Gov. Ned Lamont visited an elementary school in a district where the school superintendent says masks are not an issue. The governor has ordered a continuation of last year’s order mandating the wearing of masks at K-12 schools as a precaution against COVID-19, as well as a new requirement that teachers and staff be either vaccinated or tested weekly. Currently, vaccines are available and recommended for children 12 and older, but none authorized for use in the U.S. have been cleared for younger children. Pfizer may be closest, stating they might seek approval next month to use its vaccine in children ages 5 to 11.
Today over 80% of adults in Connecticut are fully vaccinated. However, the rate drops significantly for adolescents: 63% for those ages 16-18. The rates for those 12-15 were 46%. These numbers are according to the recorded cases released by the Department of Public Health. The Centers for Disease Control and Prevention recently published a case study supporting its recommendation of masks in schools, tracing a COVID outbreak in Marin County, Calif., to an infected teacher who removed her mask during storytime.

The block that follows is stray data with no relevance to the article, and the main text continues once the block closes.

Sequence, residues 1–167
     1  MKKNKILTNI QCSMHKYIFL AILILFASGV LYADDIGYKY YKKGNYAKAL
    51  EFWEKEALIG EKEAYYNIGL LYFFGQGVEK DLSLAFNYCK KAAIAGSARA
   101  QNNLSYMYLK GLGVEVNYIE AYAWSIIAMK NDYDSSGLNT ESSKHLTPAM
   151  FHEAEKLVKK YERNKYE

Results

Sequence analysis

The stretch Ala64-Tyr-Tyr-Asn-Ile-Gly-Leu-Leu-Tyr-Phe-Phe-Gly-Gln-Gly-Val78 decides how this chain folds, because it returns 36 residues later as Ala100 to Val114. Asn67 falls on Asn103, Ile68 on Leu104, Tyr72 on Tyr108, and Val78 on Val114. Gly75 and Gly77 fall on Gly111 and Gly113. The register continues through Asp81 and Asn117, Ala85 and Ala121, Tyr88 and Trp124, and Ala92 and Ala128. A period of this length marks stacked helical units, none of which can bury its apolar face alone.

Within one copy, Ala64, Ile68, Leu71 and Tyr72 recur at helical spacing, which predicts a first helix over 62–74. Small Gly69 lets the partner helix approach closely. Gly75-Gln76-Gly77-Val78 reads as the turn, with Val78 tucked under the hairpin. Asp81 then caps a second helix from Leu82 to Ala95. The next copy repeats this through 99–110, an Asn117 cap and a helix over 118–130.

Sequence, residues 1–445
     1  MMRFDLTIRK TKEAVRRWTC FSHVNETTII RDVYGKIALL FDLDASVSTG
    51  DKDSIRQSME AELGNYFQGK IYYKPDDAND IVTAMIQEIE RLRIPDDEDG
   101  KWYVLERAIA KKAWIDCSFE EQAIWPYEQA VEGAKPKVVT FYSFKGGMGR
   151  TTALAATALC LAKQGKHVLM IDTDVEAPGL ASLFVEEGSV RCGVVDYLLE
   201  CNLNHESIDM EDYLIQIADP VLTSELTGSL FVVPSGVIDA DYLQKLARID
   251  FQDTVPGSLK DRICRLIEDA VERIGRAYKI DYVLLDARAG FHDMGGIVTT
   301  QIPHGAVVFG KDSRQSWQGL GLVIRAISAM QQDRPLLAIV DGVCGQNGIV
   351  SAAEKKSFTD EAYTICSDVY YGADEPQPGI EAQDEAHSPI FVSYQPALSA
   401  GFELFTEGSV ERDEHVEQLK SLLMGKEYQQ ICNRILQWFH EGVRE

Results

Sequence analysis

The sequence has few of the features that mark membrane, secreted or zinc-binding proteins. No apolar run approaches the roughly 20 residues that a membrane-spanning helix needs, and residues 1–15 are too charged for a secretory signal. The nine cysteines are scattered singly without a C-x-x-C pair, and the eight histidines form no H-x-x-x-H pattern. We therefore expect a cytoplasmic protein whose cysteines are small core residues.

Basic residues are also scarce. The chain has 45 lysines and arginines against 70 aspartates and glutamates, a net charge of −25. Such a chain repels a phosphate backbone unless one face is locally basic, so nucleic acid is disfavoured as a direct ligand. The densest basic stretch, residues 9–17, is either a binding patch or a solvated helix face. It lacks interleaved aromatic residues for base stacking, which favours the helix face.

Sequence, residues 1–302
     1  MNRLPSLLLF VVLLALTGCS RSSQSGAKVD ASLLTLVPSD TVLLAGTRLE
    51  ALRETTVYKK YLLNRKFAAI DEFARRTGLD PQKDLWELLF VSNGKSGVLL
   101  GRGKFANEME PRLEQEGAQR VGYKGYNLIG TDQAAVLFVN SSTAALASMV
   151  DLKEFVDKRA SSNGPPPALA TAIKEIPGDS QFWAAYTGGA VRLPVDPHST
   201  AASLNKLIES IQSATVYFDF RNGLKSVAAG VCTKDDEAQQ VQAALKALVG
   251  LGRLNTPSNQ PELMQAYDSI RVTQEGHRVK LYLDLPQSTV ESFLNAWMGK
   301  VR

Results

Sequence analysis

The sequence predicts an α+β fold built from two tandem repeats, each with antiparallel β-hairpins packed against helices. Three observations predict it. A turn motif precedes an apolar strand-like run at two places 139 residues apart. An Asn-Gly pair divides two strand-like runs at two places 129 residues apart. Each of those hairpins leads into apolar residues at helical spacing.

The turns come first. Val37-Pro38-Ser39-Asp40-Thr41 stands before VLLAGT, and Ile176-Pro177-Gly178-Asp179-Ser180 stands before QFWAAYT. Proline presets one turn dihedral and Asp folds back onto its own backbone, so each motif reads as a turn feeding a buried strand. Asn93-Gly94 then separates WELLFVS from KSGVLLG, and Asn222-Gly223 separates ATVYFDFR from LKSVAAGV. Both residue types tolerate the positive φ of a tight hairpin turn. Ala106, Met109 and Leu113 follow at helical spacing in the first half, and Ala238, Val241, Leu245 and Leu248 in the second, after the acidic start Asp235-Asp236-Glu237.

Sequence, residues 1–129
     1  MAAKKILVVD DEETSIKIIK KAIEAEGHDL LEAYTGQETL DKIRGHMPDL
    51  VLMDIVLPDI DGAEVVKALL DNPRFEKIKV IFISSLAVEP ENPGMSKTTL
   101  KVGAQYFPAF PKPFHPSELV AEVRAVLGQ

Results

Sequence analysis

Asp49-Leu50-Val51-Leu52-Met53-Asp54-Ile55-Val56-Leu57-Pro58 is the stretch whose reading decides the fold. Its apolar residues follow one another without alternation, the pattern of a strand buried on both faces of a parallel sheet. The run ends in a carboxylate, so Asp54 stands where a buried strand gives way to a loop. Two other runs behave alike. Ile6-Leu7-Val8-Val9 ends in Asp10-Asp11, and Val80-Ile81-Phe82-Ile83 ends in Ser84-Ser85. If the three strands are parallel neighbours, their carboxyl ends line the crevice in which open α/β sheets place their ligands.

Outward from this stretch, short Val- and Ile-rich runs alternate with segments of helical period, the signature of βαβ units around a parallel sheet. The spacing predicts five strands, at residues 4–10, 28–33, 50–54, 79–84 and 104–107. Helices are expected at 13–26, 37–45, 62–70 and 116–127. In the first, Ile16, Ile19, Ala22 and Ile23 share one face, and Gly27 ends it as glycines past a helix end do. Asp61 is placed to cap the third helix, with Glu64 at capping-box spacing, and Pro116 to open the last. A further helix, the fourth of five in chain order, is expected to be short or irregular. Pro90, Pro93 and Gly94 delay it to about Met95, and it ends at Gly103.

The CDC reported that eight of the ten students in the two rows closest to the teacher tested positive after the exposure, an “attack rate” of 80%. The students were all too young to be vaccinated. The teacher, who was unvaccinated, broke protocol on two counts: removing the mask during indoor instruction and continuing to teach two days after developing symptoms dismissed as relating to allergies. The epidemiologists used genomic sequencing and contact tracing to find the outbreak spread to other classes and the broader community.
Lamont recognizes the annoyance of wearing masks from parents but states, “I don’t hear many complaints from the kids. I find the kids are smiling underneath their mask, they’re back in the classroom.”
While the statewide mandates for masks and vaccinations in schools remove superintendents’ responsibility for setting local rules, Lamont’s emergency pandemic powers expire on Sept. 30. In order to continue the mandates, either the current emergency must be extended, or the legislature must more narrowly endorse a continuation of specific executive orders, such as the mask mandate. Lamont repeatedly indicated that at least some orders would remain in place after the 30th while hedging on exactly which and precisely how.